Intolerant justice: ethnocentrism and transnational-litigation frameworks

  • Asif EfratEmail author
  • Abraham L. Newman


In the age of globalization, a large number of transnational legal disputes come before domestic courts. To resolve these disputes, national legal systems have to cooperate with each other, yet their willingness to do so varies significantly. This article introduces the concept of transnational-litigation frameworks, which describes the extent to which national rules facilitate or constrain cooperation on litigation. Focusing on the socially embedded nature of law, we build an argument to explain variation in countries’ openness to legal cooperation. This argument suggests that ethnocentric societies are less willing to circumscribe their legal sovereignty and cooperate on transnational litigation. A cross-national analysis of legislative policy on extradition and foreign-judgment enforcement finds strong support for this argument; so does a sub-national analysis of foreign-judgments policy across the American states. This study highlights the importance of domestic law in global affairs as well as the role of socio-cultural factors in explaining the contours of globalization. It also suggests an important new research agenda concerning the interaction of domestic legal systems in an age of complex interdependence.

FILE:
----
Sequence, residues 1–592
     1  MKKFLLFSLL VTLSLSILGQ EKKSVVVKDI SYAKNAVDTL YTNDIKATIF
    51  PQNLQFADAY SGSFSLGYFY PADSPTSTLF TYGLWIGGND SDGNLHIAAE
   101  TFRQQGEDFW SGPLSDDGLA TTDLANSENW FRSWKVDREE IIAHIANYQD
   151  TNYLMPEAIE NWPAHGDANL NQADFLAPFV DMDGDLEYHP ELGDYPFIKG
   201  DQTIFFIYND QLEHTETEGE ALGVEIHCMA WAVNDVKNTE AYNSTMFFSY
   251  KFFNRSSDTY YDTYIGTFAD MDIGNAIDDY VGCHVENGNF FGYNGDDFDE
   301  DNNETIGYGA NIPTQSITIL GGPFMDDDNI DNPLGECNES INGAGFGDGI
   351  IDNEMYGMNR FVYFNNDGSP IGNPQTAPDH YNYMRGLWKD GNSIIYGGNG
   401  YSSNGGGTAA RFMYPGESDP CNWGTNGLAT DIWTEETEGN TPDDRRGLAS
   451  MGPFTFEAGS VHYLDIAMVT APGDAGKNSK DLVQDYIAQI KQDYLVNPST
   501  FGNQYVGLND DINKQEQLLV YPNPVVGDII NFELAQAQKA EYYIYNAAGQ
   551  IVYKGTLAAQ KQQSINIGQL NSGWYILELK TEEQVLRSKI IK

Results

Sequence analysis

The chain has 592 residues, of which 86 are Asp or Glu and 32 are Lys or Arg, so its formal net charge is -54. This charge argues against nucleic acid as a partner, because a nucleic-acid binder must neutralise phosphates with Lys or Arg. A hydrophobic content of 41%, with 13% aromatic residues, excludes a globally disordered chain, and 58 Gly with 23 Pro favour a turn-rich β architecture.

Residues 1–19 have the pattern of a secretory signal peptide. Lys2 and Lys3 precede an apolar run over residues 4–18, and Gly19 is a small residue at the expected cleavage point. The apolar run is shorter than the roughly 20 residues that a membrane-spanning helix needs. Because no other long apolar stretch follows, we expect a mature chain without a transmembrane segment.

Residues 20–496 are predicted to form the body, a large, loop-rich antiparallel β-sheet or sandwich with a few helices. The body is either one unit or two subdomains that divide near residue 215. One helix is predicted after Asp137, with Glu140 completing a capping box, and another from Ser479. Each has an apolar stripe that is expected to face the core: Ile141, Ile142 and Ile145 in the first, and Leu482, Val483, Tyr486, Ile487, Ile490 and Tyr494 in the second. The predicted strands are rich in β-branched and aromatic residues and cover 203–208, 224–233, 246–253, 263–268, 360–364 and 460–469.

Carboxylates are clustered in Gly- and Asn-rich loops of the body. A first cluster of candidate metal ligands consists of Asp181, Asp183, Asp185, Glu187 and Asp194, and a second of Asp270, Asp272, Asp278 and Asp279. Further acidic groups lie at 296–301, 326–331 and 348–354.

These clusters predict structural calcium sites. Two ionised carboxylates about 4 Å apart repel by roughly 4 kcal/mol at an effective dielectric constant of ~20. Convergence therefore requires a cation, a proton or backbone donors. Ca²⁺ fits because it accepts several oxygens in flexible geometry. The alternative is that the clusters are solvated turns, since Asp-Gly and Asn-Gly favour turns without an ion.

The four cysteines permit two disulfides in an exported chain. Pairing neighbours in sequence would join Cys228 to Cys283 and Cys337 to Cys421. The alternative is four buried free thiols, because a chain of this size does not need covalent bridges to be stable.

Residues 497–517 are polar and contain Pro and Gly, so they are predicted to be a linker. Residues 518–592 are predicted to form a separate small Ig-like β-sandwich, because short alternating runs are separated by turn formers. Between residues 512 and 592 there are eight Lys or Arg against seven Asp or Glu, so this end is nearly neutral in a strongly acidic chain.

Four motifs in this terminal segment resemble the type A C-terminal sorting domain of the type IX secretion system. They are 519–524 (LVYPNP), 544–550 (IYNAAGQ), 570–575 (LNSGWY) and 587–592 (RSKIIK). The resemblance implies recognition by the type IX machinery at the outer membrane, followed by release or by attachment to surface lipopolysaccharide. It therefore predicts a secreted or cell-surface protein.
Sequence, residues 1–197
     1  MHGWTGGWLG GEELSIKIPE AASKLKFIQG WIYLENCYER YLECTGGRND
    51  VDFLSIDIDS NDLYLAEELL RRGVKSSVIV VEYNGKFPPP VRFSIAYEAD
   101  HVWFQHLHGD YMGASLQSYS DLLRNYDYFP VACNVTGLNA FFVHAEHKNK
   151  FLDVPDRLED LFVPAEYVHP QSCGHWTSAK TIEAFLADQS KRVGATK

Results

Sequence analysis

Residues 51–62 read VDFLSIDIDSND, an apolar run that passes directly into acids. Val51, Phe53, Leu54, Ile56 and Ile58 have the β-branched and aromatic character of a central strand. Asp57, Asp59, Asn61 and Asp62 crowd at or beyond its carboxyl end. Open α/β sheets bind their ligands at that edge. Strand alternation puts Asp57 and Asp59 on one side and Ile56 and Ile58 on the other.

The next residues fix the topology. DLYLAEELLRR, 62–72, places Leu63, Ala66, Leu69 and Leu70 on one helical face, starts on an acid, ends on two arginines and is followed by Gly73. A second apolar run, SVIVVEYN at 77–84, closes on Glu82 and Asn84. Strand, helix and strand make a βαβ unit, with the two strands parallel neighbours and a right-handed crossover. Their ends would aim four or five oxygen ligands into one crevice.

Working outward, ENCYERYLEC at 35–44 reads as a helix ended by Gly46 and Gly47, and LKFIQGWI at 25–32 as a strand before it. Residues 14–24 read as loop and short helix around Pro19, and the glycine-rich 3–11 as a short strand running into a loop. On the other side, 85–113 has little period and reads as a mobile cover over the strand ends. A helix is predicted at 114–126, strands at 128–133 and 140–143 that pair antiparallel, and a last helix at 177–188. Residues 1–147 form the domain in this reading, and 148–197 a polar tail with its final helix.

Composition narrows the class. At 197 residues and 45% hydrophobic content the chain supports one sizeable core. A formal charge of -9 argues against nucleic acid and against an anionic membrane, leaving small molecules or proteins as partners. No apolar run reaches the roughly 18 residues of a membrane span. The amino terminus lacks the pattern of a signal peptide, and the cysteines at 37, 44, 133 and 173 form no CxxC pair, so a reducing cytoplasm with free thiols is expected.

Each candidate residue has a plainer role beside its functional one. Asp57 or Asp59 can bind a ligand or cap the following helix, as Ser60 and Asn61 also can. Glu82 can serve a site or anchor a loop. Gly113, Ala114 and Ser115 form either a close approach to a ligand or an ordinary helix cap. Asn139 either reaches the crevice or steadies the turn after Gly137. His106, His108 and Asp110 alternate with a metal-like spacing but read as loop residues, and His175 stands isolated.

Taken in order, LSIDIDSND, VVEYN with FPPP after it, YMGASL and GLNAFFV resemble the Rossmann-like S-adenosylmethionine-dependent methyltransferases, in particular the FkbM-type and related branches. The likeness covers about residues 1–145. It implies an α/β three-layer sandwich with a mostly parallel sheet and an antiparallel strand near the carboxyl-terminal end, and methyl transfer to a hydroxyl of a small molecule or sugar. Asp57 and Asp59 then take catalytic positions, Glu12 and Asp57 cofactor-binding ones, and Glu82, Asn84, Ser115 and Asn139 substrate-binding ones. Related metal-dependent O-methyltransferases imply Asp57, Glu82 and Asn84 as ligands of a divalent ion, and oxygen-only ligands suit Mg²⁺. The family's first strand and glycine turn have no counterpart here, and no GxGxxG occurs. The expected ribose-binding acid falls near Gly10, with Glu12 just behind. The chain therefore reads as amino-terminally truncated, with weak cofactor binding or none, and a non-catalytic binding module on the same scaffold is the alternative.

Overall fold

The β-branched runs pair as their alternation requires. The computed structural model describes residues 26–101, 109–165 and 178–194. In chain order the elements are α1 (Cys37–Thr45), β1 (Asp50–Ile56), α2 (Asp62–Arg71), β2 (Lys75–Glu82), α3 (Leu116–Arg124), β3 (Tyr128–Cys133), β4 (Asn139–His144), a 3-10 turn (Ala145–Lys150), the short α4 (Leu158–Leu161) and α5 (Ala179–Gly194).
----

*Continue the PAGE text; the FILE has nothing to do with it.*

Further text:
Litigation Domestic courts Extradition International cooperation Ethnocentrism Nationalism 



We thank Amir Licht and three anonymous reviewers for helpful feedback. Guy Freedman provided able research assistance. Online appendix and replication materials are available on the Review of International Organizations’ webpage.

Supplementary material (230 kb)
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Authors and Affiliations

  1. 1.Lauder School of Government, Diplomacy and StrategyInterdisciplinary Center (IDC) HerzliyaHerzliyaIsrael
  2. 2.Edmund A. Walsh School of Foreign Service and Department of GovernmentGeorgetown UniversityWashingtonUSA

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